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Published: February 10th 2010
First night in a swag and not bad, not bad at all. It had a mattress, which is luxurious when you've spent many nights with nothing but a thin sleeping bag between you and the hard ground, oh and a flap (technical word)
so I could completely hide myself. Some people had complaints of claustrophobia because there's not much space in there but I was fine, coffin-wise.
After tea and toast on the fire we all got our bags ready and took turns in the bathroom. I got talking to one of the Dutch girls from another trip who happened to have studied in the same department as me at King's College London. She was now working for a Dutch think tank in international relations in the Hague. Now, why aren't I doing that? It was a shame she wasn't on our trip because we also had Maja - the Polish girl who worked in Brussels for the EU's development office on Sudan. We would have made a nice mix of people discussing world affairs! Sadly, Dutchie was stuck with the other group, one of whom sat by herself, spoke very loudly, and generally made lots of mischief for everyone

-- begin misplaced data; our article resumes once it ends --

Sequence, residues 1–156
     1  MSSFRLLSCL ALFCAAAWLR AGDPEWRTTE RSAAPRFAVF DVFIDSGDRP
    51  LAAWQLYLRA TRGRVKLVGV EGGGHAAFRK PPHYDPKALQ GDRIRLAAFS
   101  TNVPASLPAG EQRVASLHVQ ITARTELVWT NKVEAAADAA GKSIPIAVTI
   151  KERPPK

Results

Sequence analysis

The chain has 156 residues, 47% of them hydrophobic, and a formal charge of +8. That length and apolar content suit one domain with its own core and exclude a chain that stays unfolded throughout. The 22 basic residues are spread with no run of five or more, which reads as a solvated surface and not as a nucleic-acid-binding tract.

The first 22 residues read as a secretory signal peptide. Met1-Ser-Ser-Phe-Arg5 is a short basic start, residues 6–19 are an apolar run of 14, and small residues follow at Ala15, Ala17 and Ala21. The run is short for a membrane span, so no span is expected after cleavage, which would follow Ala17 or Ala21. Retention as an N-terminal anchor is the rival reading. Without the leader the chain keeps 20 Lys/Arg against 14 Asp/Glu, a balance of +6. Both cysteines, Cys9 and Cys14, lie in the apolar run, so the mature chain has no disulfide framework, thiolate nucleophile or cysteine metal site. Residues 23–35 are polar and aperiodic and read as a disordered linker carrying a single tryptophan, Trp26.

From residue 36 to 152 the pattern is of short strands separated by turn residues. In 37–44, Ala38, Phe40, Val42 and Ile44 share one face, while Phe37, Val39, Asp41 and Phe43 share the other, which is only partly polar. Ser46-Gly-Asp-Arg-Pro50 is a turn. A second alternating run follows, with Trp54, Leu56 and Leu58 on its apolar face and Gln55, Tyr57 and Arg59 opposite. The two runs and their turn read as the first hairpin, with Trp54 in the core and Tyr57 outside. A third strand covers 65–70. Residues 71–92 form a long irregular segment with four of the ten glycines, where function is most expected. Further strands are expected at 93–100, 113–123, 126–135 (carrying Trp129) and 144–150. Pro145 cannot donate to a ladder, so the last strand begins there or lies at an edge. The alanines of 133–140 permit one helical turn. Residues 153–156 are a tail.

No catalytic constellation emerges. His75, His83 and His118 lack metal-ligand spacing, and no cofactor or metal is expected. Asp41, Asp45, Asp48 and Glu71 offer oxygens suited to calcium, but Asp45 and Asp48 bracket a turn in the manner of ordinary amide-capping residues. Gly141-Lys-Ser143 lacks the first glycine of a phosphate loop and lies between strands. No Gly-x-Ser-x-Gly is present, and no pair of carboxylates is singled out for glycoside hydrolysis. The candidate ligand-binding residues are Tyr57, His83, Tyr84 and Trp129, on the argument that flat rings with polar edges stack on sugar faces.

else. I heard later on that the poor Dutchie wanted to leave the trip early because of this disruptive woman - the worst the tour guides had ever experienced.
We left the huge acreage of Gary's property and we drove westwards into the Tarkine
, Australia's largest temperate rainforest. We stopped at the Savage River bridge and from the trailer we made gourmet sandwiches for ourselves. This was remote country, deepest wilderness and if the Tasmanian Tiger does exist, it’s here that it will likely be lurking. Before heading into the forest Gary put on a big backpack carrying all kinds of emergency supplies; he clearly wasn't taking any risks.
Before doing Tassie trips he had extensive experience of trekking and leading tour groups up mountains in Pakistan, Afghanistan all the other Central Asian ‘stans, Turkey, Brunei, India, the Himalayas including Nepal (fluent in Nepali). Not only that but as a young man he'd spent three years at London Zoo - telling us how he'd had to use a rifle to stop a crazy king-fu freak who'd jumped into the lion enclosure. He later served in the Aussie Army. I found him to be modest, quiet